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The Encyclopedia Americana (1920)/Engel, Ernst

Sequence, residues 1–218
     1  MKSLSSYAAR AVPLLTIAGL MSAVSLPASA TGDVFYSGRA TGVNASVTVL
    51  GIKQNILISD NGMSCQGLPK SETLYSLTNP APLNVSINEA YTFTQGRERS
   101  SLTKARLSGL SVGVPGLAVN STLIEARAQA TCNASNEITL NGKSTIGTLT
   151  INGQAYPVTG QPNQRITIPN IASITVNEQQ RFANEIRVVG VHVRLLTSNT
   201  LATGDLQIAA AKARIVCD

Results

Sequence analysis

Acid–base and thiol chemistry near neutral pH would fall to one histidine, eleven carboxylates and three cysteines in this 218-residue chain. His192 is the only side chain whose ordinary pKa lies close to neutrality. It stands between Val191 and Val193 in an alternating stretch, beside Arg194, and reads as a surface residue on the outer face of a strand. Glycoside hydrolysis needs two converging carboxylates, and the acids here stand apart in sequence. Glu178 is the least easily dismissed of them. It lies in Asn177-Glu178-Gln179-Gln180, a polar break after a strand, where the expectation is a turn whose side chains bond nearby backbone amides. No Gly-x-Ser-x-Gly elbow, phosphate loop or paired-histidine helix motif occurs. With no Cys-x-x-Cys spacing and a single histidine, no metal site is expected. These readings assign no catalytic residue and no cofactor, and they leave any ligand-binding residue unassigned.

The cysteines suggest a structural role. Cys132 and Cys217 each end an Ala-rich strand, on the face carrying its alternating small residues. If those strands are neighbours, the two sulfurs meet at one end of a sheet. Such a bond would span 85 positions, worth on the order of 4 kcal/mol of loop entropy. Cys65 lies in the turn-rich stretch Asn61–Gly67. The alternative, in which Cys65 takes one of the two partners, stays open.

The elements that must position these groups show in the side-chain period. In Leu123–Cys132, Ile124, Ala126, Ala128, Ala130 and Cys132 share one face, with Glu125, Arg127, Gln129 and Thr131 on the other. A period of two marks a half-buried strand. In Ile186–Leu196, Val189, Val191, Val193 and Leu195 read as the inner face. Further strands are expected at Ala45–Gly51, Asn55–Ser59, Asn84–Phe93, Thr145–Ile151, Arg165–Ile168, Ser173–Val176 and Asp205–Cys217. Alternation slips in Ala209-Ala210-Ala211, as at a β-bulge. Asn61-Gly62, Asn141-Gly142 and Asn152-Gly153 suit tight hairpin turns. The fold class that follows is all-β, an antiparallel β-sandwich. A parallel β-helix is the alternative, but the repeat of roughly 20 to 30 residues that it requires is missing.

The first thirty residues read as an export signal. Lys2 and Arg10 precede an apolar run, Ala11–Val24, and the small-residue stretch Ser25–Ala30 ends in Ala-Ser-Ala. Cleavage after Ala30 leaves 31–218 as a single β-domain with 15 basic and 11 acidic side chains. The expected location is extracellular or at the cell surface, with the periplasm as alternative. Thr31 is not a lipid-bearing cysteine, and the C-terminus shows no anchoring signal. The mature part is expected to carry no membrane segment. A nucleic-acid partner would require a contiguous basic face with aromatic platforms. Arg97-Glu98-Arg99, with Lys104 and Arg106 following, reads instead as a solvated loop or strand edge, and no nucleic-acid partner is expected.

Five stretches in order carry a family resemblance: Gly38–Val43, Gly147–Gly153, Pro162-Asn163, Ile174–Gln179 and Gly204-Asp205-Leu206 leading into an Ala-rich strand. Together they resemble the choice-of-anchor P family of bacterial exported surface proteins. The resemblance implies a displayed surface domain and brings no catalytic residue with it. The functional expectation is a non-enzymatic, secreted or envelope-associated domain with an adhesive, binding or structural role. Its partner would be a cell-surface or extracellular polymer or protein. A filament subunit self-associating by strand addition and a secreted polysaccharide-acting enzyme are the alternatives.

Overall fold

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ENGEL, Ernst, German statistician: b. Dresden, 1821; d. Berlin, 1896. After a preliminary education he took up the study of mining engineering at Freiberg and Paris. For a time he was a member of the commission investigating industrial and labor conditions in Saxony, and in 1850 was appointed chief of the Royal Bureau of Statistics at Dresden. He resigned in 1858 and was made chief of the Saxon Mortgage Insurance Company, but two years later became director of the Prussian Bureau of Statistics, from which he retired in 1882. He was one of the most efficient of modern statisticians and his investigations into the social condition of the working classes have proved invaluable. He wrote ‘Die Methoden der Volkszählung’ (1861); ‘Land und Leute des Preussischen Staates’ (1863); ‘Das Zeitalter des Dampfes’ (1881).